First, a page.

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  7. #7
    Low Bitrate DocNupe's Avatar
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    Cool

    Quote Originally Posted by Bugbyte
    1. It's simple economics.........
    Dream be bold, dare to change, ummmmn "Think different???????" Point is Apple has very little share of the pc market, we all know this. I have been an apple user since the days of the Apple IIe. Back then it use to compete with the Radio Shack computer TRS 80, that was the evil OS then so I have seen it all.
    Anyway my point is;
    1. To sell more computers you have to appeal to a certain market.
    Macs sale to people in the Audio industry, I assume they are about %70+ of the market
    Macs sell to video production people and I assume the ratio is about the same.
    Desktop publishing, we all know macs rule there.
    2. If I am an Apple big wig, I am thinking (yes, I Think different) man you know what, we can sell a **** load of computers to car PC people. Lets contract people to port a version over to OS X so we can get a jump on the PC markert with this new computer. I mean is it that hard, they do it with games all the time. Better yet, lets buy Route 66 and make it the best Damn GPS software in the business. They did that with emagic audio editing software. Look if they want to capture more of the market then you have to make bold moves. If I am Jobs, I had this issue tackled before this computer hit the market, and I am advertising it as a carPC to all the Car Audio places. I am having other companies make power supplies, in dash bezels, and I am making an Apple Cinema, touch screen 7 inches with DVI. You get my point? If you limit yourself to black and white, supply and demand, then you stay pretty much stagnet. Dream a little, be bold, "Think different"
    Apple wants a digital hub, well here it is:
    ITunes
    Bluetooth and Address Book
    INav with 3D graphics and uploadable POI from Google Maps

    Not that difficult IMHO
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  8. #8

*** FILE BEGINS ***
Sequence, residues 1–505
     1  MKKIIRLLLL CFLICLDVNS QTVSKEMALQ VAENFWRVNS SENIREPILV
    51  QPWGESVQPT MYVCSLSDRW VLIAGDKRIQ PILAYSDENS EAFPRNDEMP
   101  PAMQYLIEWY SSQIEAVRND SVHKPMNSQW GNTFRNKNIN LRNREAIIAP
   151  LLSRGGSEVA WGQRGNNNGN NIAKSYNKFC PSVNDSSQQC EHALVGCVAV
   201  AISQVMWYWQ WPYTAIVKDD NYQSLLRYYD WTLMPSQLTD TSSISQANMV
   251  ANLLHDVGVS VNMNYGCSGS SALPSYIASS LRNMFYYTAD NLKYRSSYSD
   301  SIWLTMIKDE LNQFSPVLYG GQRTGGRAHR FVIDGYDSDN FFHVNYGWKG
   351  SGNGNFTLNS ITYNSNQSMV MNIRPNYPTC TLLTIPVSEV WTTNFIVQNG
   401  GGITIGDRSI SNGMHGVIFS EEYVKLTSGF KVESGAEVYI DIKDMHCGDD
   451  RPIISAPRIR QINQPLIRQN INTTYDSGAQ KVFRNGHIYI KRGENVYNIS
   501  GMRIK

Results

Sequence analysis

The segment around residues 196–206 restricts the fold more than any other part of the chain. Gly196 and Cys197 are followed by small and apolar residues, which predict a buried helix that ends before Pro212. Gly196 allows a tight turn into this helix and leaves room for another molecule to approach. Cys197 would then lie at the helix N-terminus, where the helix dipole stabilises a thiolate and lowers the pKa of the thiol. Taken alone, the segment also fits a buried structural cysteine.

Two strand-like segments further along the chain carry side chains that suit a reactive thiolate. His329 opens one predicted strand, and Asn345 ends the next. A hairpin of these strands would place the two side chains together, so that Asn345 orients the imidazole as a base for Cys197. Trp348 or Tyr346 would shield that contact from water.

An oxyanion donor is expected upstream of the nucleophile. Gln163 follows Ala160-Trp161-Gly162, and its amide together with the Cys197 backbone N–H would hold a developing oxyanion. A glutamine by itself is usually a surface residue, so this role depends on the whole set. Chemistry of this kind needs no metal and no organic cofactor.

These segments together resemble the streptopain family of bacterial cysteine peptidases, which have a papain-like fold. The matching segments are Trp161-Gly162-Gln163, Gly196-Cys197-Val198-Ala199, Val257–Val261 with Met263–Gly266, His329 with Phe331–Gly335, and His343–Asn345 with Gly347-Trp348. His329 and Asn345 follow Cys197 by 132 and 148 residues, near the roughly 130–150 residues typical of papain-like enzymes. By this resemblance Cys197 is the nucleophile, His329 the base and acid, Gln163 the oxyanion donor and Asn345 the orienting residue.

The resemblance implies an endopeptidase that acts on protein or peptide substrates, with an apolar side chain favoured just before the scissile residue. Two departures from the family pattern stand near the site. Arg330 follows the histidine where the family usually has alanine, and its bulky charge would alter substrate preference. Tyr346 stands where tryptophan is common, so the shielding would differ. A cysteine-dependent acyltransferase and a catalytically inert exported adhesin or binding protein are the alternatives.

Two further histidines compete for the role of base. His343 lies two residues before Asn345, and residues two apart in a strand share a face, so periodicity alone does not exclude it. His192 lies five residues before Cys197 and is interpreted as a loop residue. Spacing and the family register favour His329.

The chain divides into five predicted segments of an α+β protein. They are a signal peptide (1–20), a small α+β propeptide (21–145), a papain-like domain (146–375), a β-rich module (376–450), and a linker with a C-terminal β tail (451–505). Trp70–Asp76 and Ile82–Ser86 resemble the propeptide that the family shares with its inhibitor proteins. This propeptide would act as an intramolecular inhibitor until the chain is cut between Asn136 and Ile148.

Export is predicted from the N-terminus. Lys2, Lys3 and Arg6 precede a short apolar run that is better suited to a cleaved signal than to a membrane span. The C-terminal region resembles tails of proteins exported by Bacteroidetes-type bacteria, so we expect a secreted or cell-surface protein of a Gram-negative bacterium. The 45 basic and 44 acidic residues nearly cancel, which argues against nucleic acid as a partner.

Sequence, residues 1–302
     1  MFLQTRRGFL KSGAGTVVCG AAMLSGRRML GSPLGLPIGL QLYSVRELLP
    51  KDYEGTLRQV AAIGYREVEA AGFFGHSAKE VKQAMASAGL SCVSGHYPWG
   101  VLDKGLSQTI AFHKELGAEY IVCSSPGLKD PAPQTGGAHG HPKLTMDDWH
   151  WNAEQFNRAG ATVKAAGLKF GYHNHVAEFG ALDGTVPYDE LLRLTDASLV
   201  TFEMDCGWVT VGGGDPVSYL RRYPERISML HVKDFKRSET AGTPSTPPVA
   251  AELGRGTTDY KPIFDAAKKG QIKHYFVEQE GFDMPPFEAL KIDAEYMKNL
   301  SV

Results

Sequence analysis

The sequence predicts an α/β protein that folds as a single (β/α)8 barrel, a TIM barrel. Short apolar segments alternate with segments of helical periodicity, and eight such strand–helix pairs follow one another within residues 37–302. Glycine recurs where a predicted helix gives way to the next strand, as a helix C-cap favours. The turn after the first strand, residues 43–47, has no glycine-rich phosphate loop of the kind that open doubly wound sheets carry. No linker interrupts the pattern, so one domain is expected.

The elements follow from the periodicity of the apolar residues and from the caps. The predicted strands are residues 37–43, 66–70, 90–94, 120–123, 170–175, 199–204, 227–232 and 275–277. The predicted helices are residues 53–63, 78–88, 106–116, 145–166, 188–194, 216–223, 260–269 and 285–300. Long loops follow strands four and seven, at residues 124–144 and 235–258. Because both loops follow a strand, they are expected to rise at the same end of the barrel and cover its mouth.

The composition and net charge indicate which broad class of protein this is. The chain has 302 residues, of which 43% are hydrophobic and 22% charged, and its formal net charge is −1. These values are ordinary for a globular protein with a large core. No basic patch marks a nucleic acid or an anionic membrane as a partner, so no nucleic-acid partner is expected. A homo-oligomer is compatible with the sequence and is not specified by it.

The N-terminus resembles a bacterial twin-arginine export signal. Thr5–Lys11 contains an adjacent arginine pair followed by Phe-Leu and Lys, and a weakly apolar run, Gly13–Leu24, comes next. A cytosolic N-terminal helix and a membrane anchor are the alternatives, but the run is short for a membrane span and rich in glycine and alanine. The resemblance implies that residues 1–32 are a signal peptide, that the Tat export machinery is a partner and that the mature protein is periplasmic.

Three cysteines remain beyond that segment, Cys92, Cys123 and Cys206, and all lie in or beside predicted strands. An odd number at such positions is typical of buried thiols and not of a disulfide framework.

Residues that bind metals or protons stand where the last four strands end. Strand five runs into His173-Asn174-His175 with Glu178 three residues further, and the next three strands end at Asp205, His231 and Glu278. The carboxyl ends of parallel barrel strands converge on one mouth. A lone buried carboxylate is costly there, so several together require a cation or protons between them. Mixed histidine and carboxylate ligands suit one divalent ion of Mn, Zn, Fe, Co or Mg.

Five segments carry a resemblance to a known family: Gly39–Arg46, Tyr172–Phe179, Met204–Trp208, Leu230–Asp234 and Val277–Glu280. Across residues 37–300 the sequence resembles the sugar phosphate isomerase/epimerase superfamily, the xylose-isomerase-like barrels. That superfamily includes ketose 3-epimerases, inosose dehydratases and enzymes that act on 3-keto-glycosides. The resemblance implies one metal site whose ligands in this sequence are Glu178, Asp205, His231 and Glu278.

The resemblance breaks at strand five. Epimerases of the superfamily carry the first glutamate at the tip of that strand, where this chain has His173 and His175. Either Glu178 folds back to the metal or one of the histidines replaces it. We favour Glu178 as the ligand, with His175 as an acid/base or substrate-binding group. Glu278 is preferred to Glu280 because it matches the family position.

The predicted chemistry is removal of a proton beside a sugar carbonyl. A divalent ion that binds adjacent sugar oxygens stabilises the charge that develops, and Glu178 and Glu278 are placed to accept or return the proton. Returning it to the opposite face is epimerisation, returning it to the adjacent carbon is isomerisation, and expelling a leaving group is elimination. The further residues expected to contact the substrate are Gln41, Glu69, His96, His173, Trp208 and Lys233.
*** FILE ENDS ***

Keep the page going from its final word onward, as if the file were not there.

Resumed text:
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    Oops, my bad. I thought you were wondering why nobody would port the software, not suggesting a new strategy for Apple.

    Frankly, I think there's a much higher return selling iPods than porting GPS software. But that's just me.
    Quote Originally Posted by ghettocruzer View Post
    I was gung ho on building a PC [until] just recently. However, between my new phone having internet and GPS and all...and this kit...Im starting to have trouble justfiying it haha.
    Want to:
    -Find out about the new iBug iPad install?
    -Find out about carPC's in just 5 minutes? View the Car PC 101 video

  9. #9
    Low Bitrate DocNupe's Avatar
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    Quote Originally Posted by Bugbyte
    Oops, my bad. I thought you were wondering why nobody would port the software, not suggesting a new strategy for Apple.

    Frankly, I think there's a much higher return selling iPods than porting GPS software. But that's just me.
    Jobs had multiple games ported to the Macintosh platform so he could sell Imac to the general population (as a PC user I am sure you don't understand that). Apple took a tremendous financial risk with that strategy, but in the end it paid off as it increased Macintosh's share of the PC market. You suggest me thinking of a new strategy, well maybe. But more importantly, I am suggesting CEO Steve Jobs missed the boat on this Mac Mini release and will have to catch up now. Do a little research for yourself and you will see that the Mac mini is hitting the automotive market, ready or not. If the software was already out, I assume it would only increase the units sold. IMHO, advertise hard (just like Ipod) and get the damn software coverage like he did with the Imac, which includes getting GPS software ported to make this little thing popular across the board with die hard Windows users like yourself. Supply and demand, yes. More demand for this little self contained computer will increase as people are educated to itsí capabilities, and GPS and ibus software becomes available. Is that so hard to understand why I said Jobs missed the boat by not having this done sooner, ummmmn probably not. I can imagine there are several people here on this board alone that if paid by Apple to port Iguidence over to OSX would have had it done last year. After all someone ported Itunes to Windows so you guys could use our Ipods

  10. #10
    FLAC sdashiki's Avatar
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    Wow, some crazies on the boards tonight!

    All I want is something in my car that is like wut i got at home, a mac.

    ITS ALL I WANT DAMN YOU!

    LET THE RABBITS WEAR GLASSES!